# Calculating Defect Rate

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• rede96

#### rede96

TL;DR Summary
Need help to calculate the predicted defects per million for a given mean, standard deviation and specification limits.
Hi All

Assuming normal distribution I am trying to understand how to calculate the expected number of defects I would get from given specification limits.

For example assume a process mean of 51 and a standard deviation of 0.75 with a lower specification limit of 48.5 and a higher specification limit of 51.5

How do I calculate the lower and upper defects that would fall outside of the specification limits?

Would appreciate any help. Thanks!

Convert all numbers to the scale of a standard normal by subtracting the mean and dividing by the standard deviation. (e.g. 48.5 -> (48.5-50)/0.75 = -2.0) Then look up the cumulative probabilities for the lower and upper limits. That will allow you to determine the probability of a defect lying outside the limits.

CORRECTION: I used the wrong value for the mean. It should be 48.5 -> (48.5-51)/0.75 = -3.33333

Last edited:
Convert all numbers to the scale of a standard normal by subtracting the mean and dividing by the standard deviation. (e.g. 48.5 -> (48.5-50)/0.75 = -2.0) Then look up the cumulative probabilities for the lower and upper limits. That will allow you to determine the probability of a defect lying outside the limits.

Is there a way to do this just with summarised data? That is just with knowing the mean, standard deviation and specification limits?

Also could you explain what you mean by look up the cumulative probabilities for the lower and upper limits please?

Sorry haven’t done this for years.

Yes, if you use something like this

https://measuringu.com/calculators/pcalcz/

The -2 @FactChecker computed is called a z score. It's how many standard deviations above or below the mean your threshold is. The website helpfully shades the area under the graph it's computing to help you visualize what it's doing.

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Yes, if you use something like this

https://measuringu.com/calculators/pcalcz/

The -2 @FactChecker computed is called a z score. It's how many standard deviations above or below the mean your threshold is. The website helpfully shades the area under the graph it's computing to help you visualize what it's doing.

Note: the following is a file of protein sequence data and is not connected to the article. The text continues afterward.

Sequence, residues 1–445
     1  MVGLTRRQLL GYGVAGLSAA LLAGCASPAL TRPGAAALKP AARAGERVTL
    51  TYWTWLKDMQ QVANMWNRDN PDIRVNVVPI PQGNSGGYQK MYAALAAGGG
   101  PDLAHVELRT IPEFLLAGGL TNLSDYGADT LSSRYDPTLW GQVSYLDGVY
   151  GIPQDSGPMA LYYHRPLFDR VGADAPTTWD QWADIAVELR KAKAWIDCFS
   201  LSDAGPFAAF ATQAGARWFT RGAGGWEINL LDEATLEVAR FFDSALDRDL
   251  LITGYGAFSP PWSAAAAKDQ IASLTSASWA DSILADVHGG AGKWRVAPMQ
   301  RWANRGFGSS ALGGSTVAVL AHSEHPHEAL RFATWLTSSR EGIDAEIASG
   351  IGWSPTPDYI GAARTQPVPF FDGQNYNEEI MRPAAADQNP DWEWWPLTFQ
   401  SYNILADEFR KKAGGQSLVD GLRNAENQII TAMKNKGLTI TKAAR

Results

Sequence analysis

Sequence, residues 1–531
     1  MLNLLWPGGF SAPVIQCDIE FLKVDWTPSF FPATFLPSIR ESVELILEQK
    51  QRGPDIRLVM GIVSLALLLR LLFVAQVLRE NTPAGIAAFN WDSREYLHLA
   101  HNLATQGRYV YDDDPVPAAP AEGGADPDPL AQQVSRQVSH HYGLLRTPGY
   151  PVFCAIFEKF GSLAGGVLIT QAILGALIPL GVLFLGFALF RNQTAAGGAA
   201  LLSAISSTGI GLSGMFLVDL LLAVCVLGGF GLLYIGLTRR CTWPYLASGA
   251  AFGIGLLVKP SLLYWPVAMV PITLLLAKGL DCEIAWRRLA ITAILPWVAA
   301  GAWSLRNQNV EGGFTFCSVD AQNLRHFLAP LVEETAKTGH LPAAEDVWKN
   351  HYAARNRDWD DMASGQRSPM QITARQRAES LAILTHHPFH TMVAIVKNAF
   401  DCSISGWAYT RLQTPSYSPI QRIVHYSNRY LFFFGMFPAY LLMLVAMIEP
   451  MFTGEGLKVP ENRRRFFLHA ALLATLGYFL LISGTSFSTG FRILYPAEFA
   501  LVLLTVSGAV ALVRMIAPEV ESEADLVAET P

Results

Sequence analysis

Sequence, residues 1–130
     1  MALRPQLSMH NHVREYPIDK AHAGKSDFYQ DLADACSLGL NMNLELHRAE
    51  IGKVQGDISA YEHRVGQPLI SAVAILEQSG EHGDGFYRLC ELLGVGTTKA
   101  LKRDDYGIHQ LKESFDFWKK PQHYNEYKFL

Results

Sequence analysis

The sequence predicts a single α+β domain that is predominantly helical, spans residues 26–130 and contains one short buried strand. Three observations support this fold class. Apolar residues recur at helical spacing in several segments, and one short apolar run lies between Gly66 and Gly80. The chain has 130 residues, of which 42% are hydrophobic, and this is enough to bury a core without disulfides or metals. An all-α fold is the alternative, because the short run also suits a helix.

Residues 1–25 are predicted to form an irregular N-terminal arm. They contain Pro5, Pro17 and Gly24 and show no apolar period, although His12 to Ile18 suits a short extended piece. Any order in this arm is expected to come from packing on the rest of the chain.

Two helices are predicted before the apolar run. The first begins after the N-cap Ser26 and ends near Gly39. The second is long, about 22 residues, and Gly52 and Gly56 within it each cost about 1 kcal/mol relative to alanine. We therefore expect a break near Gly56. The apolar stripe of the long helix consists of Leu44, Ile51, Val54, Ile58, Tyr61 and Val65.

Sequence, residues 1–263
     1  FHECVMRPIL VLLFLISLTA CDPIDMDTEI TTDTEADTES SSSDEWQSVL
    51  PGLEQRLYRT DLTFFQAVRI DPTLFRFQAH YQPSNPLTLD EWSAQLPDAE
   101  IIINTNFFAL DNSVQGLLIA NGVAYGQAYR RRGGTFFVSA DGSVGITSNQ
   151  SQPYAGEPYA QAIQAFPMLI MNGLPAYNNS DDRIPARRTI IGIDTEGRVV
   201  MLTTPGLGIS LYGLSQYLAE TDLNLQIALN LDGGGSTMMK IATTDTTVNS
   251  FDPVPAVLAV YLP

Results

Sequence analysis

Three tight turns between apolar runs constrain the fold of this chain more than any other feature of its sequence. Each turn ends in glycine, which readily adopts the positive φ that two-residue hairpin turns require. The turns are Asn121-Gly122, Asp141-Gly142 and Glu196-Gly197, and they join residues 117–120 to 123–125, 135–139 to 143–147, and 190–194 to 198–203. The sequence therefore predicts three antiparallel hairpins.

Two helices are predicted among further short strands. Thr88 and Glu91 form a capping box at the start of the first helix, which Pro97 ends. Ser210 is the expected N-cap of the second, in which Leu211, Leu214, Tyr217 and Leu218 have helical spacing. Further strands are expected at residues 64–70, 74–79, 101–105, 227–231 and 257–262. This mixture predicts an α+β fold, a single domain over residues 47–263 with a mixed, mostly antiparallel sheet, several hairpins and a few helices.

Thanks for the reply. I am still a little confused as I want to be able to work all this out myself.

To calculate the Z score I believe the formula is:

Zupper = (USL - Mean) / std deviation
Zlower = (Mean - LSL) / std deviation

For the data in my OP (mean 51, std deviation of 0.75, USL 51.5, LSL 48.5) that equates to:

Zupper = 0.667
Zlower = 3.333

So I now want to look up the Z scores to find the probability of defects outside of the lower and upper spec limits. And this is where I get confused.

I am using the NORMSDIST formula in Excel. Everything I read on the net says it should be just NORMSDIST(z) for the lower and 1-NORMSDIST for the upper.

But to get it to work correctly I have to do 1-NORMSDIST(z) for both the lower and the upper Z scores.

I would have thought the Zlower would have been negative, then I wouldn't need to do 1-NORMSDIST(z). I get why I have to do it for the Upper as I am looking to the right and the NORMSDIST works out the probability to the left.

Can anyone see where I am going wrong?

Is there a way to do this just with summarised data? That is just with knowing the mean, standard deviation and specification limits?
There are online calculators and tables to get the probabilities. (The probabilities are the areas under the normal bell-shaped curve and are not very simple.)
You can use this web page.
1) First, calculate your two z-scores: 48.5 -> -3.33333 and 51.5 -> 0.66666
2) Then, lower on the same web page, use those two z-scores to get that P( -3.3333<x<0.6666)=0.74708
3) Finally, since you are interested in the opposite probability, where the value is not between those z-scores, subtract from 1 to get 1-0.74708 = 0.25292
Also could you explain what you mean by look up the cumulative probabilities for the lower and upper limits please?
The web page has diagrams that illustrate the situation (but for your question, you want the part under the curve that is NOT shaded) Last edited:
Thanks for the reply. I am still a little confused as I want to be able to work all this out myself.

To calculate the Z score I believe the formula is:

Zupper = (USL - Mean) / std deviation
Zlower = (Mean - LSL) / std deviation
No. Zlower = (LSL - Mean) / std deviation
For the data in my OP (mean 51, std deviation of 0.75, USL 51.5, LSL 48.5) that equates to:

Zupper = 0.667
Zlower = 3.333
This is wrong. Zlower = -3.333

CORRECTION: I used the wrong value for the mean. It should be 48.5 -> (48.5-51)/0.75 = -3.33333

Ah ok, I didn't spot that either.

So is Zlower always going to be:
(LSL - mean) / std deviation
and Zupper always going to be:
(USL - mean)/std deviation

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